An Overview of the Health and Safety Reform Bill
27 November 2014

The Government has announced the most significant reform of New Zealand’s workplace health and safety system in 20 years.

This is the Government’s response to the recommendations of the Independent Taskforce on Workplace Health and Safety.

 

This reform includes an overhaul of the law creating the “Health and Safety at Work Act” which will replace the Health and Safety in Employment Act 1992.  Hazardous Substances and new Organisms Act 1996 and the Accident Compensation Act 2001 will also be amended.  The new Health and Safety at Work Act and the first phase of regulations are expected to come into force by 1 April 2015.

 

The new Act will be based on the Australian Model Work Health and Safety Act with necessary modification.

 

The Act will impose a Primary Duty of Care on a Person Conducting a Business or Undertaking (PCBU), to ensure, so far as is reasonably practicable, the health and safety of their workers and other people associated with the work carried out by PCBU.  It imposes a due diligence duty on Officers of PCBUs to ensure the elimination or minimisation of risks to the health and safety of workers.  Duties are also imposed on workers and other people in workplaces.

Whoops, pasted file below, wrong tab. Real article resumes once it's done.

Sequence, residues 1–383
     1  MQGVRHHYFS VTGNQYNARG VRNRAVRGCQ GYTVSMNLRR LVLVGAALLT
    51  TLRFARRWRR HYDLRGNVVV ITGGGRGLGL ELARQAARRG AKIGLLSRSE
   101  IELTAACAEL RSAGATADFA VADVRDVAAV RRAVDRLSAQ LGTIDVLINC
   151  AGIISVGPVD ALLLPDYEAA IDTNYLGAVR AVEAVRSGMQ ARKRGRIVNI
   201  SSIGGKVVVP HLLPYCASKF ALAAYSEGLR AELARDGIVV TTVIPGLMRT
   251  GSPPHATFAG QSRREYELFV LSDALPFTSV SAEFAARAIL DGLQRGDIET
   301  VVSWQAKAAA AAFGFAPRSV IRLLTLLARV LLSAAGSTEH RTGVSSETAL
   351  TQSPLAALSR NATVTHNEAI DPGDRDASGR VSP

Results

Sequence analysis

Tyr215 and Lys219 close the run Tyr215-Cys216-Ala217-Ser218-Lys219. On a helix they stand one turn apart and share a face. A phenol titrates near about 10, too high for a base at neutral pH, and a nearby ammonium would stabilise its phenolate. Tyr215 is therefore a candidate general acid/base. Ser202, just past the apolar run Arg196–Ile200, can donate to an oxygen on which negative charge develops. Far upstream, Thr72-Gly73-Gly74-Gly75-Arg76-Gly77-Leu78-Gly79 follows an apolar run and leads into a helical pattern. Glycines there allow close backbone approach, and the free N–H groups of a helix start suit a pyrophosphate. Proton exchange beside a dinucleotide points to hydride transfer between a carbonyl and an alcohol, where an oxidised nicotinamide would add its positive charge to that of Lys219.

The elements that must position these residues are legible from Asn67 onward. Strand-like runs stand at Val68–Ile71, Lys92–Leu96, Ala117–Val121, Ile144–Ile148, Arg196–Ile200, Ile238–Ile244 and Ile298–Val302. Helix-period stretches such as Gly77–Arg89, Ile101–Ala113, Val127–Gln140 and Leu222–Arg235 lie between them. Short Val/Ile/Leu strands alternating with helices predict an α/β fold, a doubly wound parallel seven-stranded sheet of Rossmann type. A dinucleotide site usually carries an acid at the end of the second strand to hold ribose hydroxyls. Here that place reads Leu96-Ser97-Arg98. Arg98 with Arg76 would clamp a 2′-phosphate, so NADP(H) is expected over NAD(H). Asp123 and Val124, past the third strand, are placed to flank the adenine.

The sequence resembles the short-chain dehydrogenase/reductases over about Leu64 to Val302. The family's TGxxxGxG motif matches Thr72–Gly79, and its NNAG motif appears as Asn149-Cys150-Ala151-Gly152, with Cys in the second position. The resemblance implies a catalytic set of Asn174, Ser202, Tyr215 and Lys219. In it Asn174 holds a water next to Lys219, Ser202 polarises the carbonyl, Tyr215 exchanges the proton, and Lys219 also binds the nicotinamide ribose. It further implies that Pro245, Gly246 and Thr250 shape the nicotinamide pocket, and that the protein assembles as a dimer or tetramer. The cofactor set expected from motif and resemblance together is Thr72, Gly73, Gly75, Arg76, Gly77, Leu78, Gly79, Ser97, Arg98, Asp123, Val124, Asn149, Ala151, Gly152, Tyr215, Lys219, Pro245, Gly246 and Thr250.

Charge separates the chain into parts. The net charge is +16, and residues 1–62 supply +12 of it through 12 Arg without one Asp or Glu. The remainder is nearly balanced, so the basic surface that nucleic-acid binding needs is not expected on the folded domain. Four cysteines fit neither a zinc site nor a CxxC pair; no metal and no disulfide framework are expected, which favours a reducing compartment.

The proposed law will create a due diligence duty so that those in governance roles must proactively manage workplace health and safety.  Directors and other officers of a PCBU will be required to exercise due diligence to ensure that the PCBU complies with its duties.

 

Failure to comply with a due diligence duty could result in prosecution and a fine, the maximum level of which would be determined by whether or not the officer’s failure exposed a person to a risk of death or serious injury or illness.

 

There will be a new tiered liability regime for penalties and a significant increase in the maximum penalty levels to sanction and deter duty holders from breaching their workplace health and safety duties.  The use of graduated categories of offences and penalties will provide guidance to the Courts about appropriate fine levels.

 

An officer would only face a term of imprisonment if recklessness was proven. i.e. proof is required that dangerous consequences would or should have been foreseen, together with continuation with the course of conduct regardless.

 

Please note Statutory Liability Policies do not cover fines under the Health and Safety (At Work) Act, but does include Defence Costs and Reparation Costs.

 

All other Acts included under the policy cover Fines, Defence Costs and Reparation Costs.

 

We will keep you abreast of developments over the coming months.

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